Total Productive Maintenance: sure-shot method to achieve cost reduction

What TPM can do for your plant and how to achieve it.

By Nat Parameswaran

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In the ever more competitive marketplace, manufacturing companies are under relentless pressure to increase profit margins, improve market shares and expand product portfolios while ensuring low-cost production, enabling a highly agile supply chain and serving a global market. These aren’t trivial challenges, and every company deals with them in unique ways. Companies constantly look for best practices and new management philosophies that can help meet these challenges and leapfrog the competition.

During the past decade, lean concepts, cellular manufacturing and quality circles have been on the forefront of management philosophies and practices that have helped companies face these challenges. In addition to these well-known concepts, there also is a practical concept, relatively undersold in the Western world, that has been practiced for a long time by many Japanese and Asian companies. It offers a sure-shot method to achieve overall lifetime manufacturing cost reduction with increased efficiencies in quality and reliability. It’s called total productive maintenance (TPM).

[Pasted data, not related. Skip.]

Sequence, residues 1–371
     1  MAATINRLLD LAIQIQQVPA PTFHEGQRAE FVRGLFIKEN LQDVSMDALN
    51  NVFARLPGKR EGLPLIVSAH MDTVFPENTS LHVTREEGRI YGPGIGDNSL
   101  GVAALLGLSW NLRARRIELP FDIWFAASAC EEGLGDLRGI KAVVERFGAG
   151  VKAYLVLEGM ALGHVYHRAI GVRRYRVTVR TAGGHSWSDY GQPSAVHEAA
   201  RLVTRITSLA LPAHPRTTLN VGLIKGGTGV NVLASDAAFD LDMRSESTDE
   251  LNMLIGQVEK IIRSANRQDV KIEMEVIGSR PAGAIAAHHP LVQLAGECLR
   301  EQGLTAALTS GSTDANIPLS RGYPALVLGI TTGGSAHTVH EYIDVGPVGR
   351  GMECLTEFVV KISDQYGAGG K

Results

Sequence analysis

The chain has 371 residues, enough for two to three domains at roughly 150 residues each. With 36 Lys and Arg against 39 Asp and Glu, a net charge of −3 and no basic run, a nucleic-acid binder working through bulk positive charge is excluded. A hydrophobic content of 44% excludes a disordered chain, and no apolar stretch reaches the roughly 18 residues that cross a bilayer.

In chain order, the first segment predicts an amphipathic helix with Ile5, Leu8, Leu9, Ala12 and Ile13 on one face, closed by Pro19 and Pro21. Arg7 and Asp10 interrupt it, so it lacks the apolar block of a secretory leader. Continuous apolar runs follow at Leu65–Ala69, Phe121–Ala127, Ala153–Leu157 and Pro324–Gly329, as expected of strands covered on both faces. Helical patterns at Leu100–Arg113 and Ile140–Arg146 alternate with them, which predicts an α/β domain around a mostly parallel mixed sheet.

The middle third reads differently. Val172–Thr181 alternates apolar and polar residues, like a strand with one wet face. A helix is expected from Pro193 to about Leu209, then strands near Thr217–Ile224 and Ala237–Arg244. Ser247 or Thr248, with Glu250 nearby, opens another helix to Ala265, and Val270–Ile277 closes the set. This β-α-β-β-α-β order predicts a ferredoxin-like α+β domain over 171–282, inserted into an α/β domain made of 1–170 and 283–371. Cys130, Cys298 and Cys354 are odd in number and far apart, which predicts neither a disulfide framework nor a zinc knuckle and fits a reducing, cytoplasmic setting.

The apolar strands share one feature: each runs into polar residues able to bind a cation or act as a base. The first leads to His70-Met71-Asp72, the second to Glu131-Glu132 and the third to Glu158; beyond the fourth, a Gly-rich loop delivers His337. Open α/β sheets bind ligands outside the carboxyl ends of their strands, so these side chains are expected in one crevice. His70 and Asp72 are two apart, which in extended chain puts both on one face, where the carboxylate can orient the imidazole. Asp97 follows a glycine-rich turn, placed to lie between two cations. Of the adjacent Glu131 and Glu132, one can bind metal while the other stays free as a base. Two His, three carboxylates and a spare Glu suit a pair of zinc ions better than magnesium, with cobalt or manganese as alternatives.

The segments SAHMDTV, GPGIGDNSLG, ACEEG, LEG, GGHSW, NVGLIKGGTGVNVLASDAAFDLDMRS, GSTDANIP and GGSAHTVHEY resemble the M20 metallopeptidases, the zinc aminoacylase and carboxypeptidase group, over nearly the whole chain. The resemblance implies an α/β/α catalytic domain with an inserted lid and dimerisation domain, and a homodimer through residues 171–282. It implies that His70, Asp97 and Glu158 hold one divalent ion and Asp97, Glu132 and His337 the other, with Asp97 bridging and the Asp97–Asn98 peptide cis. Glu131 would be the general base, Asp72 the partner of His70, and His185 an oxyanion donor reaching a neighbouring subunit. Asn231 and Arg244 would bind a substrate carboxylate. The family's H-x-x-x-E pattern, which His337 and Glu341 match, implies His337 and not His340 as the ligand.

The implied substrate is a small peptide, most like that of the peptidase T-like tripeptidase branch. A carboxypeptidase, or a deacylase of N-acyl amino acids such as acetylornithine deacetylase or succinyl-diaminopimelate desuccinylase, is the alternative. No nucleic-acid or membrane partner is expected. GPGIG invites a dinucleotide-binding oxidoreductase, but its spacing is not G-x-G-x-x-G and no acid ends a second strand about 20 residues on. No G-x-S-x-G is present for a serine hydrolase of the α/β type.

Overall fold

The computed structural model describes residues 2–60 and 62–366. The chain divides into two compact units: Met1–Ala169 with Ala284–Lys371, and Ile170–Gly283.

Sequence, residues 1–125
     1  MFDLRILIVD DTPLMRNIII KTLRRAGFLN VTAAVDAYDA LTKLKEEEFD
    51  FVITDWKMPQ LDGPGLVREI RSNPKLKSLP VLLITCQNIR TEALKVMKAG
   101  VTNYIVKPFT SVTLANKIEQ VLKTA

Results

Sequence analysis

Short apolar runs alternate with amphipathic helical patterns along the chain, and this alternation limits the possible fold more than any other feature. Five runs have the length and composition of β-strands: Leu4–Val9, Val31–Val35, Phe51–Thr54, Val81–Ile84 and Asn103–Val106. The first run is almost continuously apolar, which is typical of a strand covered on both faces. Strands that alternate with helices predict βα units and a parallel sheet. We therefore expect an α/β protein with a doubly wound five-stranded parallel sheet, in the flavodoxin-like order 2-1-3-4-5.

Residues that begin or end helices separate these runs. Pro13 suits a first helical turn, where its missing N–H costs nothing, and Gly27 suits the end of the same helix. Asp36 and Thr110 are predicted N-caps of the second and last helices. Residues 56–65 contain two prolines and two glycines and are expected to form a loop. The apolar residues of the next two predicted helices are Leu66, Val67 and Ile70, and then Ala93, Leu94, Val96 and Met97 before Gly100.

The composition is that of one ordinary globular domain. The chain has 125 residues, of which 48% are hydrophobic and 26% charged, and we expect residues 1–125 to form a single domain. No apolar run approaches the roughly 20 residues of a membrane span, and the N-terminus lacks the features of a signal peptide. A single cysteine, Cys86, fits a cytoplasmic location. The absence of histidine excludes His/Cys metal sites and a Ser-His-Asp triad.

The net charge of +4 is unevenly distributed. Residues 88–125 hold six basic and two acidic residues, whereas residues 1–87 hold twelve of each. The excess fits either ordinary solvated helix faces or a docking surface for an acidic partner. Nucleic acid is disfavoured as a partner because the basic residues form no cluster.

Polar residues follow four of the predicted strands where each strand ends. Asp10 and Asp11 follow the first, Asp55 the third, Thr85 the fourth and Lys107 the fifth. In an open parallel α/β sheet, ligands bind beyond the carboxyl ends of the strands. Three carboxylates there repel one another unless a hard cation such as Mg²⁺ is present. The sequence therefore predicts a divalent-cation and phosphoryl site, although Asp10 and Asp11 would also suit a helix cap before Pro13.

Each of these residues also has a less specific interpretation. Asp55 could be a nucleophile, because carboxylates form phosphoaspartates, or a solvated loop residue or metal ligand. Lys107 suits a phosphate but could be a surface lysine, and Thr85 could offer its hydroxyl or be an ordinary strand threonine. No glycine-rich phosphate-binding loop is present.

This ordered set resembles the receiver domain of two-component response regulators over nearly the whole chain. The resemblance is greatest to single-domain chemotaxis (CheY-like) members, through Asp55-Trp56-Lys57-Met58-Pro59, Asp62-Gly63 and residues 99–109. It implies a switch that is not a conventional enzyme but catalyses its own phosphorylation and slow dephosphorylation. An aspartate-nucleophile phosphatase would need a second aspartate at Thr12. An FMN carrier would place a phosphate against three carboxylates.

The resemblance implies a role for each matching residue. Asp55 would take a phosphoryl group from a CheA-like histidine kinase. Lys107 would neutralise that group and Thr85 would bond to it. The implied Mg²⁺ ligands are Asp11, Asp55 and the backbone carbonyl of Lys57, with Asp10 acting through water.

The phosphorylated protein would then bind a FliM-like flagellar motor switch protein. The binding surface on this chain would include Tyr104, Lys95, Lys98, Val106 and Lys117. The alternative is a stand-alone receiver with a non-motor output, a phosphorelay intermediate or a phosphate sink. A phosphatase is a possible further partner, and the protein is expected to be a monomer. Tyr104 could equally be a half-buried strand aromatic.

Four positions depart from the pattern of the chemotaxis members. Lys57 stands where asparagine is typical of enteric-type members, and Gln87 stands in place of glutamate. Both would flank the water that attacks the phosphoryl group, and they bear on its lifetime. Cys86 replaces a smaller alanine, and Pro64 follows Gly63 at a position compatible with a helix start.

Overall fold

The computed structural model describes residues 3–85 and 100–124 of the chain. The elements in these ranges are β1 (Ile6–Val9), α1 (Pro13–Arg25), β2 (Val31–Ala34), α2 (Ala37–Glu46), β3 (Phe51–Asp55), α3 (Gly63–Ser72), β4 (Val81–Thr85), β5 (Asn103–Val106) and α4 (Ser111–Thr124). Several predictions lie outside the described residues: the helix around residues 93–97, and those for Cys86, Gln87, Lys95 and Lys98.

What’s TPM?

TPM combines the age-old American principle of preventive maintenance with Japanese concepts of total quality management (TQM) and total employee involvement to revolutionize how manufacturing facilities address machine and office maintenance. It’s built on the principles of empowering people at every level, fostering a sense of community ownership in operations as well as extending the reach of TQM, 5S (a Japanese system of organizing the workplace) and visual factory concepts.

TPM’s goal is to achieve zero breakdowns, zero accidents and zero errors. It fundamentally shifts the maintenance responsibility from maintenance departments to shop-floor production departments. While traditional maintenance programs have centered on machine maintenance, TPM encompasses the entire gamut of operations in the plant, including those of administrative departments and support departments, to achieve system-wide effectiveness.

How it works

TPM defines eight broad areas, called the pillars, each focusing on achieving the zero breakdowns, zero accidents and zero errors:

  • Autonomous maintenance (jishu hozen)
  • Continuous improvement (kaizen)
  • Planned maintenance
  • Early equipment management
  • Quality maintenance
  • Training
  • Office TPM
  • Safety, health and environment

Each pillar focuses on a specific set of activities and tasks. For the purposes of this article, I’ll zero in on autonomous maintenance and planned maintenance. Both concepts can be implemented and sustained with relatively low cost and, at the same time, give a marked increase in productivity through reduced downtime.

Autonomous maintenance